Santa Ana, CA – Oakley’s trademark and patent attorneys filed a patent infringement, trade dress infringement, and trademark infringement complaint at the Federal District Court in Santa Ana to stop copying of protected sunglasses/eyewear. Oakley registered its stylized ellipsoid “O” logo trademark with the U.S. Patent and Trademark Office (“USPTO”) for use on goods in International Class 9 (e.g. eyewear, sunglasses,and goggles). Oakley also registered its stylized ellipsoid “O” logo as used on the side of a sunglass ear-stem with the USPTO. As further protection, the USPTO issued U.S. Patent No. D556,818, titled “Eyewear Components,” which protects the design and ornamentation embodied by Oakley’s Gascan sunglass.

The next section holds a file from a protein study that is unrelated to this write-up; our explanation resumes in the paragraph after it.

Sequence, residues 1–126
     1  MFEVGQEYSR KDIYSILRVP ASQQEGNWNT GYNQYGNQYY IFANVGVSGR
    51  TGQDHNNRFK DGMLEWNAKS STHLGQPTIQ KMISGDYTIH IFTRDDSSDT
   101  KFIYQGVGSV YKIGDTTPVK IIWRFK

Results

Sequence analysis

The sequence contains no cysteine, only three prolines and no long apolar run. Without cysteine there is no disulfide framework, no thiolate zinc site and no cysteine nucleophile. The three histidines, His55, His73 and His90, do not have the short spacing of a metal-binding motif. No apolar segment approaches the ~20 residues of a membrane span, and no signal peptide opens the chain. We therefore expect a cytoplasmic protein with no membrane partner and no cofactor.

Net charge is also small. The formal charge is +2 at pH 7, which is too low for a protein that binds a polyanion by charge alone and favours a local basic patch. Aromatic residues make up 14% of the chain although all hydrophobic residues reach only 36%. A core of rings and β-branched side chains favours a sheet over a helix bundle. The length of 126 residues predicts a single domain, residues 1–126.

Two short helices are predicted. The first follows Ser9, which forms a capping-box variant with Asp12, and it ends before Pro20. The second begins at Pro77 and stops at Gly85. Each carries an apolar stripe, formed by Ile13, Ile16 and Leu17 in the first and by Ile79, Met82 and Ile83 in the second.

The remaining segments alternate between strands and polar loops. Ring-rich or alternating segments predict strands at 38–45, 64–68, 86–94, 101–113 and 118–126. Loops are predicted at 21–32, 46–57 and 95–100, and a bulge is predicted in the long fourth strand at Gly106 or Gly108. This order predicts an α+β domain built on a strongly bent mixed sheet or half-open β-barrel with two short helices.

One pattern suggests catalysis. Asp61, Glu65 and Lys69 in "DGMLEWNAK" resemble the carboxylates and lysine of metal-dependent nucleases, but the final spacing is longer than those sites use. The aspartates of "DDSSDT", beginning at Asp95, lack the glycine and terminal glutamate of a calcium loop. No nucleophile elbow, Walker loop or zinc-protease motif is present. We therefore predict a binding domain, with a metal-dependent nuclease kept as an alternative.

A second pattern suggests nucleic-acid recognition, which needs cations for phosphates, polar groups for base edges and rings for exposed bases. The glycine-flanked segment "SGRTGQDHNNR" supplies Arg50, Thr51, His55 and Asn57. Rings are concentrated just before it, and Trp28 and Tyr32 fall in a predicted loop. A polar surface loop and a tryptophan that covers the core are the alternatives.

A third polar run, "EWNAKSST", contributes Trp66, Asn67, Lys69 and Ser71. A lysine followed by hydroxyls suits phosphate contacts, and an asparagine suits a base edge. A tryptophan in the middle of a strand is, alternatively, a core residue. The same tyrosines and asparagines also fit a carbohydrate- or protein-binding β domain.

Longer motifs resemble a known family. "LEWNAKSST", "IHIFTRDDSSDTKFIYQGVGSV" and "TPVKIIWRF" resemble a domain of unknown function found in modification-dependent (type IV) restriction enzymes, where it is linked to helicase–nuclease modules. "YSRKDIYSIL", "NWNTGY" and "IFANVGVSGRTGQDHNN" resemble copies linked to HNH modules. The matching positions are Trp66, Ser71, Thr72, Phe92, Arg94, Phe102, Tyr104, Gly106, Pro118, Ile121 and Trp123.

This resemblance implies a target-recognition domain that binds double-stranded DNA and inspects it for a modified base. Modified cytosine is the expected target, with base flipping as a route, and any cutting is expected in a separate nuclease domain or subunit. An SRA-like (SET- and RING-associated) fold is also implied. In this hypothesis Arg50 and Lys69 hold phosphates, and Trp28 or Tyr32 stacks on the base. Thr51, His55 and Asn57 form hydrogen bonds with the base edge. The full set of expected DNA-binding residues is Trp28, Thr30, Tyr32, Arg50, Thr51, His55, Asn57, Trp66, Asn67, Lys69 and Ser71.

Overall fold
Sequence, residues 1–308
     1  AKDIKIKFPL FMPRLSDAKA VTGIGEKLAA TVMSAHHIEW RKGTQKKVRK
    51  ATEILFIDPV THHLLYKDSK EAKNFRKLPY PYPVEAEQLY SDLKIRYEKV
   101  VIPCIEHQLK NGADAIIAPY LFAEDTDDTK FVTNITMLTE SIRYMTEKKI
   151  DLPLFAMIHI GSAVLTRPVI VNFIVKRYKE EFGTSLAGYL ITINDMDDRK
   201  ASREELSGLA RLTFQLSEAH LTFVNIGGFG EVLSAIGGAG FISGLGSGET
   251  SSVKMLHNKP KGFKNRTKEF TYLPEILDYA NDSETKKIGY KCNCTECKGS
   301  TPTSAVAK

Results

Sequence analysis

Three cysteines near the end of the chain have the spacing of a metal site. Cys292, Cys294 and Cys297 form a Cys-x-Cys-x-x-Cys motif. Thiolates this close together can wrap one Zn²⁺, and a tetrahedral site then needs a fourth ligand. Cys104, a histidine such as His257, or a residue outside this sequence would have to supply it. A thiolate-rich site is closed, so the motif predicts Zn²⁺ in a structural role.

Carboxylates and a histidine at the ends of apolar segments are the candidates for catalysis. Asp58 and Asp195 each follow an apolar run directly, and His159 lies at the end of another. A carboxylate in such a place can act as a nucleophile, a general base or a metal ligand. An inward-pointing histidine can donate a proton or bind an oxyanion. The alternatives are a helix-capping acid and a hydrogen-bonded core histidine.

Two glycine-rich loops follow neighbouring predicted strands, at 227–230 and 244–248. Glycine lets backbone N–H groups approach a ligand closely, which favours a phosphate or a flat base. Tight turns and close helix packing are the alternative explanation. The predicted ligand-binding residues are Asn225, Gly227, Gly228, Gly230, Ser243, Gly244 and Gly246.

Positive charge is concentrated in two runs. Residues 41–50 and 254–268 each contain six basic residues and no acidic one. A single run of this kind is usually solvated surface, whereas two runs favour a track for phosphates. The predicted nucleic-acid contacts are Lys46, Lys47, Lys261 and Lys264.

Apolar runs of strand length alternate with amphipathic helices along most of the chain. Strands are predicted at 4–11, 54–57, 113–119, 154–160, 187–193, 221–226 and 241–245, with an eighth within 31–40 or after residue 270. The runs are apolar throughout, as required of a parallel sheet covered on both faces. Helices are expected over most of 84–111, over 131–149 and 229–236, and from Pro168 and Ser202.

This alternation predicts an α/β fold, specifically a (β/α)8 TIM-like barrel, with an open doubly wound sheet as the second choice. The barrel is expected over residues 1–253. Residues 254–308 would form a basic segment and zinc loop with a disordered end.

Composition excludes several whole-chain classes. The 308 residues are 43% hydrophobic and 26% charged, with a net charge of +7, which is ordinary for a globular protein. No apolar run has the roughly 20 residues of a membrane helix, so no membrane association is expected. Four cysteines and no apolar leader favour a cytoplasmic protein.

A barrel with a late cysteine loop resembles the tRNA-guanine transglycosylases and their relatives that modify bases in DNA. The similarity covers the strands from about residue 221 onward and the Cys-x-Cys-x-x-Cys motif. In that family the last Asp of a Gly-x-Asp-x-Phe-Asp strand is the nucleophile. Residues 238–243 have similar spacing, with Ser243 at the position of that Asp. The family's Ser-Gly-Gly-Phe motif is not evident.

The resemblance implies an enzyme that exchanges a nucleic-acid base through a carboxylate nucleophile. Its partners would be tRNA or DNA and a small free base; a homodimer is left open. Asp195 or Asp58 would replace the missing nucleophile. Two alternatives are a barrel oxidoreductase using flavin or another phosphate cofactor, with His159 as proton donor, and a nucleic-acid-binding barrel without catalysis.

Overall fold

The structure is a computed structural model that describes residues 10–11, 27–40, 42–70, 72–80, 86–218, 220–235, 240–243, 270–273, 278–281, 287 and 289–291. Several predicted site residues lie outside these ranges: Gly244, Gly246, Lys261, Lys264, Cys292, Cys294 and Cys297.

The complaint alleges that Outlook Eyewear has “advertised and sold counterfeit products bearing a reproduction or copy of the trademarks, which mark is an unauthorized reproduction of Oakley’s famous ellipsoid “O” mark intended to cause a likelihood of confusion or to deceive or otherwise capitalize upon Oakley’s goodwill.” The complaint also alleges that Oakely has obtained trade dress protection in the design of its Gascan line of sunglasses because of the expenditure of large sums of money in its promotion and, as a result of which, it “has become, through widespread public acceptance, a distinctive designation of the source of origin of goods offered by Oakely and an asset of incalculable value as a symbol of Oakley and its quality goods and good will.” In addition to preliminary and permanent injunctions, Oakley seeks monetary damages and its attorneys’ fees. The case is titled Oakley, Inc. v. Outlook Eyewear Company, SACV 08-00439 JVS (C.D. Cal. 2008).